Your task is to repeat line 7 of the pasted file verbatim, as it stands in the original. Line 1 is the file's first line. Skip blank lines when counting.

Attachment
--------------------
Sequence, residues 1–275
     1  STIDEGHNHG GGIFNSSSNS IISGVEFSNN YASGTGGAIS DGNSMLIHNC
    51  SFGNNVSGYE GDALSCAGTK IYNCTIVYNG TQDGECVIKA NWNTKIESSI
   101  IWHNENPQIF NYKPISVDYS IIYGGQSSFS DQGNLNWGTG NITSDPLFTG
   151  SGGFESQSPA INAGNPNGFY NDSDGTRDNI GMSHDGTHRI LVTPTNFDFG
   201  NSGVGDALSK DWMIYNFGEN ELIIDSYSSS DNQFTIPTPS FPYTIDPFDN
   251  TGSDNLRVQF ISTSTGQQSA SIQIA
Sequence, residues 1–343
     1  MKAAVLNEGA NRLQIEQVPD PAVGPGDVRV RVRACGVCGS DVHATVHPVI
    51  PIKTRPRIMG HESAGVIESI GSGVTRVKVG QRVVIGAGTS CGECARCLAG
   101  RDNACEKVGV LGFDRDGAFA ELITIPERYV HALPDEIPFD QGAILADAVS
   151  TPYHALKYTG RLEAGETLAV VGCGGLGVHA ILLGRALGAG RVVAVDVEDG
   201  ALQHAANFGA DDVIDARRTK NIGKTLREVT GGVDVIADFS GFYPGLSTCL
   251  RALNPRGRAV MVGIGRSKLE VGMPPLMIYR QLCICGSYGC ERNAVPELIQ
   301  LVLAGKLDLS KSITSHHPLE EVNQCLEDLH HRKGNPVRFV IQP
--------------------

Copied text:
   251  TGSDNLRVQF ISTSTGQQSA SIQIA